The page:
Security Thunderstorm in the Cloud

Your data security, in the cloud and elsewhere, got weaker today.

U.S District Judge Loretta Preska ruled today that Microsoft must turn over a customer’s emails that are stored in Ireland. (see: U.S. Judge Rules Microsoft Must Produce Emails Held Abroad)

Whether your data is stored in the U.S. or controlled by a U.S. company, it is subject to seizure under by the U.S.

The ruling has been stayed pending an appeal to the 2nd U.S. Circuit Court of Appeals.

The Digital Constitution (MS) has a great set of resources on this issue:

Along with briefs filed by others:

More resources and news will appear at the Digital Constitution so sign up for updates!

The legal dancing in the briefs may not interest you but the bottom line is this:

If data can be seized by any government without regard to the location of the data, the Cloud is effectively dead for anyone concerned about data security.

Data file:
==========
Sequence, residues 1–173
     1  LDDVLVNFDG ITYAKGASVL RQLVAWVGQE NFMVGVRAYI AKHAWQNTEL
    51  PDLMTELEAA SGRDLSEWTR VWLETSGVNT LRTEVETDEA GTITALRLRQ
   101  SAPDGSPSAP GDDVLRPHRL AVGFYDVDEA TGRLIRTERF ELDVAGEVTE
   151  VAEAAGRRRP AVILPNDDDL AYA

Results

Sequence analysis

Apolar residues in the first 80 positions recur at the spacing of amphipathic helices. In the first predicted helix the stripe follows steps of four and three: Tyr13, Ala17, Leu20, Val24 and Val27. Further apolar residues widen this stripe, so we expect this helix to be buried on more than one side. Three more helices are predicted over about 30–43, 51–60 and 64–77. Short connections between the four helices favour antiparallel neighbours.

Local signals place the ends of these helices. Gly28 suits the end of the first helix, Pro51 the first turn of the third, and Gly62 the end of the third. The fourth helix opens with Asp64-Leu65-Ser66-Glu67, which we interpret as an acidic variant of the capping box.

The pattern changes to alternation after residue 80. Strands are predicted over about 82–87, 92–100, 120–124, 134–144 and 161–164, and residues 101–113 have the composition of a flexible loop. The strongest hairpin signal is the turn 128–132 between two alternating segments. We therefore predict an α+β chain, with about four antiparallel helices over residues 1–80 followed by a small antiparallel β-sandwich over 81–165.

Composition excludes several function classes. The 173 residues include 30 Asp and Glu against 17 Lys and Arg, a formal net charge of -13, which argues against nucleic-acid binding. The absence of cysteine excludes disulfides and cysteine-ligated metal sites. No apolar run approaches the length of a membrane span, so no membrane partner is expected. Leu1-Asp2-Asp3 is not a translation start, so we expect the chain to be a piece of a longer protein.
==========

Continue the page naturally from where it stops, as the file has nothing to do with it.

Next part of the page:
You may store your data in the Cloud on European servers due to greater privacy protection by the EU. Not a concern for U.S. courts if your data is held by a U.S. company.

You may store your data in the Cloud on U.S. servers but if the Chinese government wants to seize it, Judge Preska appears to think that is ok.

Congress needs to quell this security thunderstorm in the Cloud before it does major economic damage both here and abroad.

PS: Many thanks to Joseph Palazzolo (WSJ) for pointing me to the Digital Constitution site.

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